Too Healthy To Get Diabetes?
In a previous post I shared that I was diagnosed with type 1 diabetes at 18 years of age – right at the transition between high school and college. It was a scary time for a number of reasons, and getting this disease in the midst of it all did not quite help matters.
Without going into my entire diagnosis story again, I still want to point out the question that bugged me the most back then, and in a way I still wonder about now. “Why me?,” I asked the doctors. I was becoming an adult, I exercised on a somewhat regular basis, I did not smoke, drink, or do drugs of any sort. I did not have any other sicknesses or illnesses, and while I was far from an “athlete,” I felt good; I felt in shape.
So why did I get type 1 diabetes? How could I have prevented it? What were the reasons?
Of course, no one knew back then, and no one really knows now. We still have much to learn about how type 1 develops, how to prevent it, and most importantly, how to cure it. But the fact that no one had the answers did not comfort me much. I simply needed to know why. How could this happen – was I not too healthy to get diabetes?
One thing that we do know about this disease is that it knows no borders. It can strike anyone, at pretty much any age. I was by far not the only 18-year-old to get type 1 diabetes, and there are adults older than me who developed it later in life, and many children who have had it from an extremely young age. I was actually quite shocked when I first heard of kids with diabetes. I could not imagine how they, or their parents, could handle such a demanding disease. Caring for someone with type 1 is a 24/7 job, especially if they are not yet ready to take on some of the responsibility.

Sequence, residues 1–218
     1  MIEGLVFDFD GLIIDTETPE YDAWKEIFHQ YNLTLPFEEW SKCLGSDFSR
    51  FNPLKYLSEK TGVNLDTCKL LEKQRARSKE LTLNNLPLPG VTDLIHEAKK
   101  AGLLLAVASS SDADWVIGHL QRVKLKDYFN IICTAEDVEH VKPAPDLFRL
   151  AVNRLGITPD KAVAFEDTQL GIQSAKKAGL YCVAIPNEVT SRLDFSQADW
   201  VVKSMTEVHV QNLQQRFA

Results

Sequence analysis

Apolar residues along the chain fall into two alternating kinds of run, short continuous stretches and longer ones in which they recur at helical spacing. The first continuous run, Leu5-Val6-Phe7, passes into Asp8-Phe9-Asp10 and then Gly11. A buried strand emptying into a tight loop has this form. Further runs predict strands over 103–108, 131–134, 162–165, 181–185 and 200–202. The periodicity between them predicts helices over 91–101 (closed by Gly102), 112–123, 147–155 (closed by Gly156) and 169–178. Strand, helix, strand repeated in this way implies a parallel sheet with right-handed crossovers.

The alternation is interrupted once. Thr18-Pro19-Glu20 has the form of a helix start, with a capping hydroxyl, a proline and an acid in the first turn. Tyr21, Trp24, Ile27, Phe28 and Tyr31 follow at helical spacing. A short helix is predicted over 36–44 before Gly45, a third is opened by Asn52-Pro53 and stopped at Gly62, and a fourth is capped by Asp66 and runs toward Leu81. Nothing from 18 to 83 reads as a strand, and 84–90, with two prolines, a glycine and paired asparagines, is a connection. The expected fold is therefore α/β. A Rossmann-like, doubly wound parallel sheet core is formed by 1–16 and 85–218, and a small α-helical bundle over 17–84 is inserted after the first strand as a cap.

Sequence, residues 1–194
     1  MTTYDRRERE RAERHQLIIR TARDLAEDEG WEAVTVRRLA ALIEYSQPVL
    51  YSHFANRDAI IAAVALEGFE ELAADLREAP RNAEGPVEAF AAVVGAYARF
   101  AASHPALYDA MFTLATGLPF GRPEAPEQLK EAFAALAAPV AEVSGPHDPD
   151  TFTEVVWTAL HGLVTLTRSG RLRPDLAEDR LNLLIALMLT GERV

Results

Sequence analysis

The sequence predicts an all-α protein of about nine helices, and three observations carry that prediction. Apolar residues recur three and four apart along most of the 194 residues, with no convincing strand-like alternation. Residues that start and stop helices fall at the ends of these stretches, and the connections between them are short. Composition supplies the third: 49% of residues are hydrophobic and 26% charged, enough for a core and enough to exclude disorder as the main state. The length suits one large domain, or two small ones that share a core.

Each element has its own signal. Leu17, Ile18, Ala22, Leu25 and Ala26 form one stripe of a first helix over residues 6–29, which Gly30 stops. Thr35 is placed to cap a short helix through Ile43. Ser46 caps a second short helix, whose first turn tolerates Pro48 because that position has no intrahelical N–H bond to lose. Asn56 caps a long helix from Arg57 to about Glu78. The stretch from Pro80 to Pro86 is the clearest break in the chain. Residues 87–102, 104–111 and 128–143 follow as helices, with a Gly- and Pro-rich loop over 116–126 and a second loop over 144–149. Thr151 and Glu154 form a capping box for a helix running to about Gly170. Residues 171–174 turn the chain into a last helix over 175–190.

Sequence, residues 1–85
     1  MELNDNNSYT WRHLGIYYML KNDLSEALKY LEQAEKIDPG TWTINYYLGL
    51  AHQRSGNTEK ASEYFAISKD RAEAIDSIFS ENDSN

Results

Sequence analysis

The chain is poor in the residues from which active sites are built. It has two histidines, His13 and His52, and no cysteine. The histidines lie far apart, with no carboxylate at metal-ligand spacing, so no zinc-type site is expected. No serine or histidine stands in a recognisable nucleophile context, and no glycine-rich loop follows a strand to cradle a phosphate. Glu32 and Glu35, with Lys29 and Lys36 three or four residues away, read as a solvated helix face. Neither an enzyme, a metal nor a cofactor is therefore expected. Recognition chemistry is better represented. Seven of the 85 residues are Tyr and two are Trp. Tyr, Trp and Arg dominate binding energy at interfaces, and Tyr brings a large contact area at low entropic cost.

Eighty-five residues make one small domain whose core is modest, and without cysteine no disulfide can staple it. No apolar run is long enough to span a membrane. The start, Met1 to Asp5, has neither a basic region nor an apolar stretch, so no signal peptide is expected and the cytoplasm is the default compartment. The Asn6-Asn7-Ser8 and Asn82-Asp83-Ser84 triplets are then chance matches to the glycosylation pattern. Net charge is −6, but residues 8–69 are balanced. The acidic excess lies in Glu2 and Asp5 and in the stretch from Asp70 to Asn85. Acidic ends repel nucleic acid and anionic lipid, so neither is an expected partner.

Learning to accept the hand that you have been dealt in life is part of growing up and becoming an adult, or so I have been told. I will always wonder why, but at the JDCA I have learned to harness this questioning and convert it into positive energy– energy that focuses on the organizations that have been established to help answer this question, and to find a cure for diabetes, hopefully one day soon. Curing a chronic disease is not an easy task, but I truly believe that as we keep growing as a community and becoming more united, our combined positive energy can only advance us toward the cause.
Although I never really got the chance to participate in diabetes camps and did not make too many connections with other diabetics in the first few years after being diagnosed, I have found that a lot of people have the same questions and the same motivation to change things since I got involved in the Diabetes Online Community (DOC). Especially when dealing with a disease that has so many aspects and affects your life on a daily, hourly basis, it is very helpful to know that you are not alone and that others like you are going through the same thing.
At the end of the day, it is rather silly to believe you are too healthy for any disease. Many other conditions in the medical field, besides diabetes, remain a mystery. Plenty of people have thought themselves to be in perfect shape, yet suffered illnesses or injuries and other mishaps that make them view the world from a whole new perspective.
In a way, I suppose this is what has happened to me. The older you get, the more you realize how uncertain life is and how many challenges lurk around the corner, which is true even if we are talking strictly about diabetes. I have had the condition for 6 years now, but I am still always learning new information from reading and listening to people’s stories. I am constantly discovering things that I may very well need to apply to my own life sometime soon.
I can say that I am handling my diabetes condition quite well right now, and have not had any serious or alarming accidents. I hesitate to say that I “am perfectly fine,” as that will only invite trouble. I am more cautious now, and know to expect the unexpected. No one is immune to dangerous diseases, and no one with diabetes is immune to the risk of developing complications in the future. It is a life full of questions marks.
We cannot answer all the questions, and we cannot guarantee a given outcome. What we can do, what is in our hands, and what we can fight for is where we direct our efforts and how loud we make our voices to raise awareness for diabetes and a cure.